Ortiz vs. Griffin: The Redheaded Step-Child of MMA Trilogies


With the recent announcement that Tito Ortiz and Forrest Griffin are set to complete their trilogy on July 7 at UFC 148, fan reaction was justifiably off the page.

After all, this is the third meeting of two legitimate Mixed Martial Arts legends; the longest-reigning UFC Light-Heavyweight champion of all time against the original “Ultimate Fighter” winner. Plus their first two fights were both exciting and razor close – AND this will be Tito Ortiz’s last UFC fight. Those factors combine to make Ortiz/Griffin III one of the most anticipated trilogies in MMA history.

If you’re reading this and something’s not adding up, well, you got me: I’m full of it. Everything I said above is God’s honest truth – except the part where fan reaction was “off the page” and Ortiz/Griffin III was one of “the most anticipated trilogies” in MMA history.

The truth is that for most fans, the Ortiz/Griffin series is the redheaded stepchild of MMA trilogies. These guys are like bad in-laws: they’re old, rich, have a laundry list of injuries, and show up once every few years to make your life miserable.

This lukewarm fan reaction is utterly mystifying to me, pretty much for the reasons I mentioned above. It’s another strange MMA phenomenon I don’t understand, like the compulsion to chant “USA! USA!” at any foreigner, or insisting on excitement>winning when it comes to liking fighters while at the same time claiming that anyone with consecutive losses is over the hill and should retire.

Individually, these guys are two of the most popular fighters in the UFC today. Despite both guys being outside the title picture, they still get strong reactions from fans whenever they fight. There’s really no scenario where fans wouldn’t be excited to watch these two guys fight – unless it’s with each other.

The two men first met at UFC 59 in April of 2006, with Ortiz as the former champ looking to get back to the title and Griffin the young, up-and-coming prospect looking to break through. Ortiz took a narrow split decision that night in a fight that elevated the careers of both men. This fight was named the 2006 Fight of the Year – a fact most fans have seemingly forgot.

They met again at UFC 106 in November of 2009, and once again the career circumstances of either man had completely changed. Griffin had won the title and then lost it, and was looking to rebuild his image after the Anderson Silva debacle. And Tito was also coming off two straight losses, and looking to remain relevant in the LHW division.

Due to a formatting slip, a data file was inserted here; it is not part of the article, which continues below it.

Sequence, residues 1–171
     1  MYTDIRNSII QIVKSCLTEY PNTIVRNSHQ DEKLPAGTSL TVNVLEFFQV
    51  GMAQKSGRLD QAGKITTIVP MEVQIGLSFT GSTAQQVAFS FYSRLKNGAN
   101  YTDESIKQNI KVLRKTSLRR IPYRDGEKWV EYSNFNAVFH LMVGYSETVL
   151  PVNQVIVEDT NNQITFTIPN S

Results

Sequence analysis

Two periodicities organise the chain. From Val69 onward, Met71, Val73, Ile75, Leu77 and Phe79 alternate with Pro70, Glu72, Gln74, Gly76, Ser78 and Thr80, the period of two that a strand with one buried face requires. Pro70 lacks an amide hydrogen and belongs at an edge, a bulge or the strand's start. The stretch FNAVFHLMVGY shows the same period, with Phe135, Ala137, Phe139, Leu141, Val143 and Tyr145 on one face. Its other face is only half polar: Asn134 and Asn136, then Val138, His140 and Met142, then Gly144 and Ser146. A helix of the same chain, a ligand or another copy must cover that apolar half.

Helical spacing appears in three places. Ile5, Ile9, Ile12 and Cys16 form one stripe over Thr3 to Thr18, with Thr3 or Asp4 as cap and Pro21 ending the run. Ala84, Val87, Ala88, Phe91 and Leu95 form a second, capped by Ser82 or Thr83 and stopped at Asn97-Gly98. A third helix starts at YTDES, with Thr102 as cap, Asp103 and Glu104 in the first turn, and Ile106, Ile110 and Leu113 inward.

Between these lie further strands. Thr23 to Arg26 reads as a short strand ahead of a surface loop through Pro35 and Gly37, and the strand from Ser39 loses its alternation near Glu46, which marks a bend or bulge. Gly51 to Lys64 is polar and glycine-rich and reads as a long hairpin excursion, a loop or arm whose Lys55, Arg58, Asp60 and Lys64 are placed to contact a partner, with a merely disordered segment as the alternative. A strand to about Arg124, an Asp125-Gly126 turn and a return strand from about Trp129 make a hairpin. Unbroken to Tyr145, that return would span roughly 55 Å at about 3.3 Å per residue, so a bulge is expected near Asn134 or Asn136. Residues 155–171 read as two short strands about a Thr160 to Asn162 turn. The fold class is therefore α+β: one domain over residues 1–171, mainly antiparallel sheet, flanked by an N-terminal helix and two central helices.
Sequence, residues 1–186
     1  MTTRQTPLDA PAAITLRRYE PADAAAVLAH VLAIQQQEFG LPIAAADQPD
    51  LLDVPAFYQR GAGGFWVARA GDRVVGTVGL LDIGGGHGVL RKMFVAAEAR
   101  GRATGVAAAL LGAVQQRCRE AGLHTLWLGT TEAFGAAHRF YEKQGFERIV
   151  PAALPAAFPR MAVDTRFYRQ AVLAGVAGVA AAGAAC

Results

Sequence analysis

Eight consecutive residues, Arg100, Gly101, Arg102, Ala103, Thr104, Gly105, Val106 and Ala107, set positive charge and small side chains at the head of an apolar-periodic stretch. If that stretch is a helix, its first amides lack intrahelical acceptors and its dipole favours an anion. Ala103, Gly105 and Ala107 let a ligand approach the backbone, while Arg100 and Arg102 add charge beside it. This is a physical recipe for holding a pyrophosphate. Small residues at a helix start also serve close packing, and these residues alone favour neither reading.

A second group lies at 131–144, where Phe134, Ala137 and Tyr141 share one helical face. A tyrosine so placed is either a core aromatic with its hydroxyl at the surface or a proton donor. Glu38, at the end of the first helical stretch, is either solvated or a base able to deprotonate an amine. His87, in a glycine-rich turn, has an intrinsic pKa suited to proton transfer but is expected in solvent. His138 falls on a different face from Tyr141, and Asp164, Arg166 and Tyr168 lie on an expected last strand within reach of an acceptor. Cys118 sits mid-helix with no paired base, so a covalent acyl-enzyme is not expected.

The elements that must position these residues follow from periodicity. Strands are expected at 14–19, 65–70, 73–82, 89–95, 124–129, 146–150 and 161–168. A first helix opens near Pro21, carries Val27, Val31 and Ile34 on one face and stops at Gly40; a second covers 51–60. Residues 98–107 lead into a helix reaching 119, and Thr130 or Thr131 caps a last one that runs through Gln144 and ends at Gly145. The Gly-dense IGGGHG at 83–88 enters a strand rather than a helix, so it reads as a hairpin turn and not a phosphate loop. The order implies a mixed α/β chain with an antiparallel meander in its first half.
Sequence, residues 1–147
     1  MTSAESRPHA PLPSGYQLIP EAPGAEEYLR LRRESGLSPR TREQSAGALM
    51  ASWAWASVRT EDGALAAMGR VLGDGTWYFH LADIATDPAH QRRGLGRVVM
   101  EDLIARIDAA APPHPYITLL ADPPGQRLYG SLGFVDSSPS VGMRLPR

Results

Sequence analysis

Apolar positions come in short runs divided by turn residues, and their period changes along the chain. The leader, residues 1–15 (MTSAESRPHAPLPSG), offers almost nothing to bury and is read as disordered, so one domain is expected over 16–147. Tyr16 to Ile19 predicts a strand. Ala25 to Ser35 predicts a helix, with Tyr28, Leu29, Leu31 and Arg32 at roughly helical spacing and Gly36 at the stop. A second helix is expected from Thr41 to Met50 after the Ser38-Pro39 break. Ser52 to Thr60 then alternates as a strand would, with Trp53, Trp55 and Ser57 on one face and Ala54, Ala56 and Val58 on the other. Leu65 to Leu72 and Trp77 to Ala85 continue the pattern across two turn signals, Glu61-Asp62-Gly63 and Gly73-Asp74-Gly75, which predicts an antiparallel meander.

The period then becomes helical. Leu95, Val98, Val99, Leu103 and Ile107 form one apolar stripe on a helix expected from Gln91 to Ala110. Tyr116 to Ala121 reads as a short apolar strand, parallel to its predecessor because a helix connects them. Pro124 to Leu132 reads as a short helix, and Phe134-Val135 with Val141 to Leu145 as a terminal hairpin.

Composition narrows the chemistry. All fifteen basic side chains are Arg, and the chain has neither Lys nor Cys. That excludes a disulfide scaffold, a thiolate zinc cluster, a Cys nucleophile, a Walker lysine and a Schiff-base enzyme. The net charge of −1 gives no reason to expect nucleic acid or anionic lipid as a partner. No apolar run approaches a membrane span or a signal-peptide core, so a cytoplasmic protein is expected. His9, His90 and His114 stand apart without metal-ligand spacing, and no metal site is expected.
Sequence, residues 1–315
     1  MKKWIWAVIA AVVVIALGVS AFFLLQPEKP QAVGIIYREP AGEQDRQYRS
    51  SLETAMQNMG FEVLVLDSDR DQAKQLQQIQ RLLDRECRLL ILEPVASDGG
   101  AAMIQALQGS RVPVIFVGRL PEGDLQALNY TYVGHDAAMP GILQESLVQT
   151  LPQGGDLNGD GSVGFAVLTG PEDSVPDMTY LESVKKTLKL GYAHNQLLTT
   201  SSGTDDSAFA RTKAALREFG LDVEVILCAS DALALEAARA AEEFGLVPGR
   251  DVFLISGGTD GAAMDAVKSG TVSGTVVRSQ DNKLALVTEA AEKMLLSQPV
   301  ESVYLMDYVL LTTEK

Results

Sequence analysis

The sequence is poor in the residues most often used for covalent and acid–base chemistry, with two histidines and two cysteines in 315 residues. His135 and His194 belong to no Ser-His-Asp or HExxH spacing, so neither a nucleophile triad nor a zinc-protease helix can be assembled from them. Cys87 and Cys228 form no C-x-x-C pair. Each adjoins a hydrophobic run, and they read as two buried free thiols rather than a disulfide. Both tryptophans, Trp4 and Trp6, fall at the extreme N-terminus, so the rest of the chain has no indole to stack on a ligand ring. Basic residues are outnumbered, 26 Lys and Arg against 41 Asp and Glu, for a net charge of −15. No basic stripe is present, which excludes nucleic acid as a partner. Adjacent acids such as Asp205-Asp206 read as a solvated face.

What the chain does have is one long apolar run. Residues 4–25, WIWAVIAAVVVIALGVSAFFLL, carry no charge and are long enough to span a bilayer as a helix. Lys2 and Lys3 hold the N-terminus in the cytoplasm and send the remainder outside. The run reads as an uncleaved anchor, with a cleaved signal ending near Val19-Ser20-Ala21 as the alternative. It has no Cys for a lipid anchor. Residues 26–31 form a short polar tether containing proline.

This fight was a last-minute replacement fight, with both guys coming off losses, on a card that lacked a whole lot of buzz. Griffin took the split decision that night, but this combination of factors began the tradition of fan apathy when it came to the Griffin/Ortiz trilogy. The series now stood at 1-1, both split decisions, featuring two of the top guys in MMA, with one fight a “Fight of the Year” and the other a PPV main event.

Again, in any other circumstance this would be the surefire recipe for a blockbuster trilogy. For some reason, fans seem to have passed judgment on Ortiz vs. Griffin, and the verdict is “Meh”.

Any fanbase that can make Ortiz vs. Shamrock – a trilogy featuring 3 straight blowout victories for the same fighter – one of the biggest trilogies in all MMA history, yet farts on Ortiz/Griffin III is beyond my ability to comprehend.

Look, I get the criticism. Despite the years that went by between the first two fights, they both ended up looking remarkably similar stylistically.

We have Ortiz, the sport’s consummate ground and pounder, with a vicious double-leg, a 5 minute gas tank, and the longest post-fight excuse list in the sport. Then there’s Griffin, who brings a fun striking game (that doesn’t KO people), an awesome ground game (we rarely ever see), and a waning interest in this whole MMA gig.

In both fights, Ortiz came storming out the gate, usually found a way to wrestle Griffin to the mat, and put it on him – for a round. Then Griffin would take over, using his BJJ to nullify Ortiz on the mat and pecking away at him with his striking. Both fights ended with Griffin beaten up but in control standing, and Ortiz looking like he wanted to take a nap.

Yeah, I get why this third fight isn’t blowing the wind up everybody’s skirt.

But forget everything I just said. Maybe the fights were predictable stylistically, but the drama in watching them was always the shifts in momentum.

These fights have a tendency to swing wildly from one man’s favor to the others, depending on who’s implementing their game plan at the moment. It was for this reason – more then overt brutality or technical mastery – that their first fight was named FOTY, and their second was still a damn entertaining fight (to me, anyways).

This rubber match will be the final match of Tito Ortiz’s career. It will also tell us a lot about how much time Forrest Griffin’s got left in the sport. It’s the culmination of 6 years of build-up, featuring two of the biggest names in the game. Over the course of the series, both men have risen, fallen, and risen again. They’ve been champion and headlined PPV’s, they’ve suffered humiliating defeats and debilitating injuries, they’ve been on top of the MMA world and they’ve faced retirement.

That’s quite a spectrum for two guys who have no beef with each other, don’t match-up to well stylistically, and who fans apparently don’t want to see fight.

3 Responses to “ Ortiz vs. Griffin: The Redheaded Step-Child of MMA Trilogies ”

  1. Jamie Locke says:

    Truth has been spoken. Another gooder Elton.

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  2. Graham Weenk says:

    good article

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  3. Kazam says:

    I say this all the time: ORTIZ VS RAMPAGE retirement match.

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